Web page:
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2024: The Year of the Double-Brood

It was bound to happen eventually.  It appears that the shine is off the markets as investors parsed a bevy of economic data and Fed governor talking points to conclude that interest rate cuts may be delayed further.  All three major indices fell between 1-2% this week as it is becoming increasingly clear that the economy is perhaps performing too well.  We’ll get to the details but know that sometimes good news is perceived as “bad” and bad news is viewed as “good” which makes understanding investor behavior confounding.  The tl;dr is inflation isn’t slowing down fast enough, job growth exploded higher in March, tensions in the Middle East are rising, and consumers are still spending.

Many analysts and economists have bet on an interest rate cut at the June FOMC meeting.  However, we’ve gone from six rate cuts at the start of the year, to three rate cuts as economic data stayed persistently strong in the first quarter, to maybe one or two rate cuts later this year.  As each realization occurs, the markets adjust expectations accordingly as demonstrated by the increase in volatility and downward price pressure we saw this week.  We experienced something similar last summer into early fall as markets digested the economic data and recognized that a recession was becoming less likely, which meant rate cuts wouldn’t happen as expected.  This period lasted roughly three months before investors once again embraced good news and the markets were off to the races into the end of last year and the first quarter of this year.  I’m not suggesting history will repeat itself, but we may be in for a breather as investors adjust expectations further.  After all, we’ve been on a five-month tear with nary a pullback.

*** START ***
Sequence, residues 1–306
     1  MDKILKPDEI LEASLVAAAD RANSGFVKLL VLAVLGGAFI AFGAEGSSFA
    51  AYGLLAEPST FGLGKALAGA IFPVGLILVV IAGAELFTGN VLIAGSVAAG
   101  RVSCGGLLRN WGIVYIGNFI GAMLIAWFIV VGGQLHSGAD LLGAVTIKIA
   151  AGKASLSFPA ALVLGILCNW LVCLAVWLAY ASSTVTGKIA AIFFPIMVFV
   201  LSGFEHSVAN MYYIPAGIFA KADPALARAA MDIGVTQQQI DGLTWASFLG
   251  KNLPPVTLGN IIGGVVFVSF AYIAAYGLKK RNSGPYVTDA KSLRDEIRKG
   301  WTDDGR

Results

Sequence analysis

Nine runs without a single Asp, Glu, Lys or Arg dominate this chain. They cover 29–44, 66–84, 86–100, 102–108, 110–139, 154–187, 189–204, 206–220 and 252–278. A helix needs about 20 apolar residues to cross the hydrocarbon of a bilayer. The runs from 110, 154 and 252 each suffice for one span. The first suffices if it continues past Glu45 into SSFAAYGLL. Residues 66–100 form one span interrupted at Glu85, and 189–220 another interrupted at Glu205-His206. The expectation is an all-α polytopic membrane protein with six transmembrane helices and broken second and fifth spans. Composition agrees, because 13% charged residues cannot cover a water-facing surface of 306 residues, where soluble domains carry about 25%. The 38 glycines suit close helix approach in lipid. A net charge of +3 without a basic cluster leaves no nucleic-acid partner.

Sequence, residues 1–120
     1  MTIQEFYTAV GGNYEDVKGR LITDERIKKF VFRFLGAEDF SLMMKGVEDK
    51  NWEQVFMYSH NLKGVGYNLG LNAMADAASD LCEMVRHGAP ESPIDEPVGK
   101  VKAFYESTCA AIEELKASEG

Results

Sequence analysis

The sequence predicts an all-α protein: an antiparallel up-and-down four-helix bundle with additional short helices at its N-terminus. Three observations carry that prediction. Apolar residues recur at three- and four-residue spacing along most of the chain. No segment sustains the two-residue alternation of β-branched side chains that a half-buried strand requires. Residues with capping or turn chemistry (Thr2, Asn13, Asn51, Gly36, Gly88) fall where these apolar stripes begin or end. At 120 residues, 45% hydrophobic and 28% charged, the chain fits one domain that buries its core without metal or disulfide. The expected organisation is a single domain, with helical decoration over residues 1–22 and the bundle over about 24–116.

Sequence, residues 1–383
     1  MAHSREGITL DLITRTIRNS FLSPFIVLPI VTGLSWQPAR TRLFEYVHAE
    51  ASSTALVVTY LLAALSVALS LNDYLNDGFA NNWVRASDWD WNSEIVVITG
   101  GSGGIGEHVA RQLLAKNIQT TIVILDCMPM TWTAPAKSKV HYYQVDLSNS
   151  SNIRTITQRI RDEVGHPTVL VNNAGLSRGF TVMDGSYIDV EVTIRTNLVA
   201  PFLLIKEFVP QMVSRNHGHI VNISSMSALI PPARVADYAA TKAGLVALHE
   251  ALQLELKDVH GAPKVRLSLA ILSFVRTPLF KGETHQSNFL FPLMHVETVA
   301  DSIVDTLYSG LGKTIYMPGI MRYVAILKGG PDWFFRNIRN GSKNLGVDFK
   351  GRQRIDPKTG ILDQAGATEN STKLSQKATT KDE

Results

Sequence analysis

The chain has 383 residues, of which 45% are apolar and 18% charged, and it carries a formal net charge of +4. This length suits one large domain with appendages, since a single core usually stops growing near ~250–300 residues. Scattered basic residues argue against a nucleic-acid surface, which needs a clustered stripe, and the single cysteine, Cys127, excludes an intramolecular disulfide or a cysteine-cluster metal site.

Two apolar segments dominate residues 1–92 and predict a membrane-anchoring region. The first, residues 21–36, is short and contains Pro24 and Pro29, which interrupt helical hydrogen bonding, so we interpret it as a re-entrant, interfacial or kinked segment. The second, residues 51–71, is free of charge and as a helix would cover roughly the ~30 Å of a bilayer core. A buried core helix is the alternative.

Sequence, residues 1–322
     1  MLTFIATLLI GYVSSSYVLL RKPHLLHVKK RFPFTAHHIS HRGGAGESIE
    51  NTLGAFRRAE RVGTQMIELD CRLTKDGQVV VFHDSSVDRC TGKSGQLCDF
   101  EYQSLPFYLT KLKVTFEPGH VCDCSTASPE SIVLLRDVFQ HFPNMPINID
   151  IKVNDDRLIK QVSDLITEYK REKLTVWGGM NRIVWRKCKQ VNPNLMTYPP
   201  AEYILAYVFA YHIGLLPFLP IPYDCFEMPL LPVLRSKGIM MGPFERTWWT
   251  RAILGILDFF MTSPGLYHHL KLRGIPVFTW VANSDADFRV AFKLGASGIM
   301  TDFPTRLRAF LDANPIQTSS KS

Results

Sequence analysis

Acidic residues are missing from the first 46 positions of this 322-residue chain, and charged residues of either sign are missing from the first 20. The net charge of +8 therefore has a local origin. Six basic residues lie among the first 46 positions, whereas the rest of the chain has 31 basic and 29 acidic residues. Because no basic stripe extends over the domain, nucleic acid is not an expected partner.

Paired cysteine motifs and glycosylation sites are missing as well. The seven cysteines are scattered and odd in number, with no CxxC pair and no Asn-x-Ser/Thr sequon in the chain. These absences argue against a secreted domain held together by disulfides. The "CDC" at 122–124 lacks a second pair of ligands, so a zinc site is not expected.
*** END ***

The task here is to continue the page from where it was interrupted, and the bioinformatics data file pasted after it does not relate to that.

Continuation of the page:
As for interest rates, I’ve never seen so many Fed Board Governors walk back the expected rate cuts as this week.  No less than four or five of the governors clearly stated that a rate cut would be premature with several suggesting we wouldn’t see one at all this year.  Federal Reserve Governor Michelle Bowman went so far as to say that if inflation persists, we may be due for a rate hike.  I haven’t heard anyone say that in some time, so it came as a surprise.  My hunch is the Fed will want to do something this year just to get the first-rate cut done.  Remember that high interest rates don’t just affect consumer borrowing, i.e. mortgage rates and car loans, but government borrowing too.  Interest on the national debt has gone from $221B in 2013 to an estimated $870B in 2024.  The interest expense on the U.S. national debt is now larger than the $822B we spend on the defense budget and is due to grow as treasuries mature and are replaced at current interest rates.  The Fed will increasingly be under pressure to lower interest rates, with the wildcard being whether it starts cutting before or after the presidential election.  Time will tell.

Another cause for the change in mood is that energy prices are creeping higher again.  Crude oil, which had been at $70 per barrel at the beginning of the year, is now approaching $90 per barrel.  This will eventually trickle its way into higher gasoline prices.  We’ve held that $70 oil wouldn’t continue as persistent issues in Ukraine and increasing tensions in the Middle East would drive prices higher.  In fact, the latest CPI data suggested that energy is one of the components driving inflation up again.  While we don’t expect the price of oil to go back to $120 per barrel (June 2022), we could see it move above $100 and this will undoubtedly throw a wrench in the Fed’s best-laid plans.

In closing, I come with good news.  The total eclipse isn’t the only special event happening this year.  I learned this week that 2024 will be the year of the cicada and not just any brood but a double-brood event resulting in billions of little creatures emerging.  This is the kind of thing that happens rarely and was last seen in 1803 when Thomas Jefferson was president.  It turns out that the 13-year cycle and the 17-year cycle converge every 221 years with 2024 being just one of those special years.  So, you’re probably wondering how this is good news?  Well, the good news is that Ohio, Indiana, and most of Kentucky will be spared.  The cicadas will be found primarily in Illinois, Missouri, and Arkansas.  And fortunately for us, the next time this will happen will be in 2245, just in time for your grandchildren nine generations from now to experience the wonder of it all.  Now you know. 

Bruce J. Mason, MBA